Code, code, code it’s everywhere! As developers we have to read, understand and maintain it. Code that is predictable is code that can be understood just by reading it. On the contrast unpredictable code is code that is either ambiguous or misleading; in any case it will need to be executed somehow to see what it does. This post will show you how to write predictable code.
- Assumed knowledge of an OOP language like C# or similar
- A simple understanding of a functional programming language. (Code examples are in F#)
Problem: mutating state
An interface with some math operations for a list. I’ve modeled with an interface since the premise of OOP is about abstractions and encapsulation.
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First cut of the tests (for using the Math implementation of IMath)
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After code refactor
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Clearly this is some unpredictable code; the refactor should have worked. At first glance it appears that the interface for IMath is the problem. It will return you a new list. Unfortunately, after the refactor, it is clear that it modifies the list. The problem is the List class. It is mutable in every way. The size can be changed, the elements can be changed. It’s open for everyone.
Mutability leads to unpredictable code
- Mutation/Mutability (definition): when a variable or object inside an instance can be changed/replaced
- Mutation makes it hard to model time
- Mutation makes it hard to keep constraints with polymorphism (see wikipedia link below)
- Liskov substitution principle is followed by using immutable classes and is even stated on wikipeida
Mutability is a key issue here. If Square and Rectangle had only getter methods (i.e. they were immutable objects), then no violation of LSP could occur.
Liskov substitution principle
What to do then
- Avoid mutable classes. Copy the data and change the values during the copy, returning a new instance.
- To make a class immutable in C#: GetHashCode and Equals must be overriden
- Use a Functional language (F#), you get this all for free while still being on .NET
How does F# do this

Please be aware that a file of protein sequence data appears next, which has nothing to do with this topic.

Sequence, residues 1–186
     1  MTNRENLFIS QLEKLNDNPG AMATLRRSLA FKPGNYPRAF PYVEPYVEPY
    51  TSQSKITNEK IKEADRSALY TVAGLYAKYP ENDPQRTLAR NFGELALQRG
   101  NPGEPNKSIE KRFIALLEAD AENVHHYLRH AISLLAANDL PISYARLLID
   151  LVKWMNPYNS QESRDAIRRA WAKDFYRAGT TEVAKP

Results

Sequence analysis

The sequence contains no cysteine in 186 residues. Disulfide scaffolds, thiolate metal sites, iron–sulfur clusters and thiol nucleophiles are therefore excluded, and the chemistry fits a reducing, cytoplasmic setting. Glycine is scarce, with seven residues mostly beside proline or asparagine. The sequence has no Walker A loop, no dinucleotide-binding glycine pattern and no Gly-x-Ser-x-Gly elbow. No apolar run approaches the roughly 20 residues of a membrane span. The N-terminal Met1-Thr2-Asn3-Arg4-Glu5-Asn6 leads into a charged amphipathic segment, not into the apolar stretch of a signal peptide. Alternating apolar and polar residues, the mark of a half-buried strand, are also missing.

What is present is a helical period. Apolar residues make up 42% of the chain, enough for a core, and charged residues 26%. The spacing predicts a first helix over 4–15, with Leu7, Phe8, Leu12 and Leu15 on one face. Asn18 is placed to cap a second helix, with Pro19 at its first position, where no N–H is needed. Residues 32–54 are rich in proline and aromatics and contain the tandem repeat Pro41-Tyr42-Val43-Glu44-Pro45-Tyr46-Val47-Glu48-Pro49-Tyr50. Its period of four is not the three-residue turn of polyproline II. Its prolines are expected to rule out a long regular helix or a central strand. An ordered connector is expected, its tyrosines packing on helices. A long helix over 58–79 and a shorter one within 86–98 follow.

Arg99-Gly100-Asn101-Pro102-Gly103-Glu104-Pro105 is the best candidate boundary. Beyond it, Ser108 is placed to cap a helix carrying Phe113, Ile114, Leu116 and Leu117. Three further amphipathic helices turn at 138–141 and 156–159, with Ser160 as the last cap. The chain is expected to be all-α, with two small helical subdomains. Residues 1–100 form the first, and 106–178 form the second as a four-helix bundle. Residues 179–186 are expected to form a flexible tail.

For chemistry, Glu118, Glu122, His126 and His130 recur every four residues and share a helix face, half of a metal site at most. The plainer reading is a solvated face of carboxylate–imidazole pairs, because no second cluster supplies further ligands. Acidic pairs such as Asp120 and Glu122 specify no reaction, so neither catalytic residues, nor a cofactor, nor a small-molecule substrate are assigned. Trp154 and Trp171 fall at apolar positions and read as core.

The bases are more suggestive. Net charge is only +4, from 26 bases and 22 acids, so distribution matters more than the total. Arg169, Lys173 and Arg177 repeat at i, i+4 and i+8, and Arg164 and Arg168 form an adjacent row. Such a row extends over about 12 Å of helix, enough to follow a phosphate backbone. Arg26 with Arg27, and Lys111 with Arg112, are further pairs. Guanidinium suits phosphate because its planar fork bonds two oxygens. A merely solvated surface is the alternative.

Functional programming is about using functions + data to model the domain/behaviour. Encapsulation and abstractions are not goal. Common patterns are still factored out but these a for a another post. Our problem above written in F# looks like this (with the implementation):
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Why does this work
- The list type in F# (which is different to C#’s list) is immutable so the result is copied and changed.
- It’s harder to create mutable objects:
- F# creates constants by default (these are called bindings, and means the reference can’t be changed. If the object is not immutable then elements inside the object can be change eg. an array)
- A variable in F# requires the
mutablekeyword (It’s more work, and some IDEs highlight the keyword to be explicit)
What’s the point
- immutability makes the code predictable. It can understood without executing it.
Mutability and unpredictable code requires you execute the code somehow to check it does what you think.
~~ Use F# if you don’t like writing boilerplate code and/or want your code to just work ~~ Use F#
NB: I claimed that FP does not have abstractions as goal. FP makes great leaps to reduce boilerplate code and encourage code reuse, but takes a mathematical approach to do this. Higher order functions and Monads (eg. State Monad) are examples of these.
val int : value:'T -> int (requires member op_Explicit)
Full name: Microsoft.FSharp.Core.Operators.int
type int = int32
Full name: Microsoft.FSharp.Core.int
type int<'Measure> = int
Full name: Microsoft.FSharp.Core.int<_>
Full name: Microsoft.FSharp.Collections.list<_>
type List<'T> =
| (  )
| ( :: ) of Head: 'T * Tail: 'T list
member GetSlice : startIndex:int option * endIndex:int option -> 'T list
member Head : 'T
member IsEmpty : bool
member Item : index:int -> 'T with get
member Length : int
member Tail : 'T list
static member Cons : head:'T * tail:'T list -> 'T list
Full name: Microsoft.FSharp.Collections.List<_>
Full name: Microsoft.FSharp.Collections.List.map